Qualcomm launches IoT services for logistics, construction, education and healthcare

Qualcomm opened a smart campus in San Diego with smart lighting and other features under the management of a command and control center with operational visibility across connected sensors and IoT devices. The company also announced an IoT Services Suite in four areas: education, logistics, construction management and healthcare. (Qualcomm)

 

Qualcomm has been steadily building up its smart city technology offerings over the past two years in chips and components as well as services.  

On Wednesday, Qualcomm announced an IoT Services Suite to aid the digital transformation of smart cities as well as smart connected spaces including education, logistics, construction management and healthcare.

Building on a collaboration with Infinite Computer Solutions announced in June, Qualcomm and Infinite’s Zyter SmartSpaces Platform will integrate chipset subsystems to support middleware, data operations, cloud services, analytics and AI.

In other words, Qualcomm is trying to offer customers, including cities and a range of public and private entities, the whole enchilada of technology and services that it claims other companies are not providing.  Perhaps as much as any other large vendor, Qualcomm understands that the smart city technology movement has been an amorphous endeavor and one that is hard to fully implement.

“We have cracked the code on the fragmentation of IoT under one ubiquitous delivery platform,” declared Sanjeet Pandit, global head of smart cities for Qualcomm. He spoke in an interview with Fierce Electronics.

“There was no way for Qualcomm to just sell chips and wait for things to happen,” Pandit said.  “We were the first to take the entire ecosystem along with us and say how to monetize it and how to integrate it. We are the match.com of the entire ecosystem.”

Working with Infinite allows Qualcomm to offer companies and government disparate systems of sensors and networks that are platform agnostic with a unified management view of an end-to-end IoT platform combined with analytics and AI.  “It will be completely open and modular and platform agnostic,” he said.

Pandit said Qualcomm is even willing to work with chips from many competitors, but he laughed when asked if that would include chips from Huawei, which the U.S. government says pose a security risk. “I really don’t want to get a Huawei chip in there, but if a U.S. competitor emerged…ok,” he said.

Pandit emphasized that the IoT Services Suite will emphasize flexibility. Qualcomm, for example, will work with cameras that a contractor in the construction trade has purchased, instead of forcing a certain device.  In construction, Qualcomm will prioritize construction safety and site management with ecosystem member Everguard.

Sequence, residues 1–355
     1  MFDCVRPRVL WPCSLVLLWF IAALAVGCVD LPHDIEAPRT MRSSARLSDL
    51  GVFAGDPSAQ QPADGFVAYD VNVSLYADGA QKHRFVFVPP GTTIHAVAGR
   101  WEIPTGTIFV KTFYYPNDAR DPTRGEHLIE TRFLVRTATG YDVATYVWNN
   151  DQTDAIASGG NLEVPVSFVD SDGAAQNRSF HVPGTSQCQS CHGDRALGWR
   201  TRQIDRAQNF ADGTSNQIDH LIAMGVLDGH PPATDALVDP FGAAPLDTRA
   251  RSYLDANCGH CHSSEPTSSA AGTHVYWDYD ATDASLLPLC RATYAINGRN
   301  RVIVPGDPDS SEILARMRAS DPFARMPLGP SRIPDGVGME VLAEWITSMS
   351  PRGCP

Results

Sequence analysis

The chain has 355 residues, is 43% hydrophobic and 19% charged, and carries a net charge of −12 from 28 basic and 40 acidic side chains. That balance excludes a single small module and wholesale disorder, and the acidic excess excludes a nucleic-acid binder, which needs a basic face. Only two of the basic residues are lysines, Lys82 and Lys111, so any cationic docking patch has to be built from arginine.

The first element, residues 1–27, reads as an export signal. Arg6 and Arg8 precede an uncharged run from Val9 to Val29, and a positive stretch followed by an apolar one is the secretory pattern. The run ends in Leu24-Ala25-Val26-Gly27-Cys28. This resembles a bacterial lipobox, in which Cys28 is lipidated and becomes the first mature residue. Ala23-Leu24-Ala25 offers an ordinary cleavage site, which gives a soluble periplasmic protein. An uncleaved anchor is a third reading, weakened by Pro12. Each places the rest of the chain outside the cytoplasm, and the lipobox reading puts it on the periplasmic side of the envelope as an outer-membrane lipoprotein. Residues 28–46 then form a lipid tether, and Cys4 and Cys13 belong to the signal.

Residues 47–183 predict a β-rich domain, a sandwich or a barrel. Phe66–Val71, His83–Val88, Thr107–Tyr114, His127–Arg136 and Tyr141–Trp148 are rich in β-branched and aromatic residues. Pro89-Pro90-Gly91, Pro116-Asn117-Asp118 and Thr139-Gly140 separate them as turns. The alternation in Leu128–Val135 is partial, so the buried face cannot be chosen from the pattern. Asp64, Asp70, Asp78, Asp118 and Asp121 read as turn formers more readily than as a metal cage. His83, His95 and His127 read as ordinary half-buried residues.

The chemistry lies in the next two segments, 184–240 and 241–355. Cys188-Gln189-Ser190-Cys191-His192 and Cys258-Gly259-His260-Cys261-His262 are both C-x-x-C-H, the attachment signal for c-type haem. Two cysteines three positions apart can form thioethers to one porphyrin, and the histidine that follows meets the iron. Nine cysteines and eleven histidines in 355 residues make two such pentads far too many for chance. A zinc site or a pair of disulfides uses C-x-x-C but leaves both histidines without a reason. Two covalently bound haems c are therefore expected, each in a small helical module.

In logistics, Qualcomm will work with Cloudleaf and Tag-N-Trac for management of teams and inventory. In education, OneScreen and HoverCam will be used to enable smart classrooms and hybrid learning settings. For healthcare as a service, Qualcomm will provide direct access to Zyter, LucidAct Health, VeeMed and Ceiba for remote patient monitoring and Tele ICU technology.

Pandit said the first four IoT as-a-service sectors will be bolstered with more in coming months across other smart connected spaces such as airports.  Often, Qualcomm would find that airports are separate entities from city governments and thus were not a part of smart city technology implementations.

“This is a key growth area for IoT,” Pandit said. “We will offer support from the chipset up to services…Having ease of use means we are the virtual CTOs, and the one-stop shop.”

To showcase its IoT Services Suite, Qualcomm also launched a smart campus in San Diego to exhibit a 5G network with smart parking, lighting, transportation, logistics, trash cans and edge-AI cameras.   The company showed off many of the campus components in a video, including its nerve center—a command and control center with operational visibility across its network with connected sensors and IoT devices in real time. One feature allows AI cameras to be stitched together with LiDar for clearer images, down to one-eighth of an inch in accuracy.

The announcement of the IoT Services Suite and smart campus was made at Qualcomm’s second annual Smart Cities Accelerate Event, a virtual event that includes an ecosystem of more than 300 members, including city CIOs and administrators. Qualcomm is working with JLC Infrastructure, Ignite Cities and Verizon as well.

Miami Mayor Francis Suarez said the city has worked with Ignite Cities and Qualcomm to bridge the digital divide and improve remove education.   Verizon said in a statement that the combination of Qualcomm leadership in smart city technology and rollouts of massive 5G networks will help transform faster adoption of smart spaces.

RELATED: Qualcomm joins Infinite with IoT-as-a-service offerings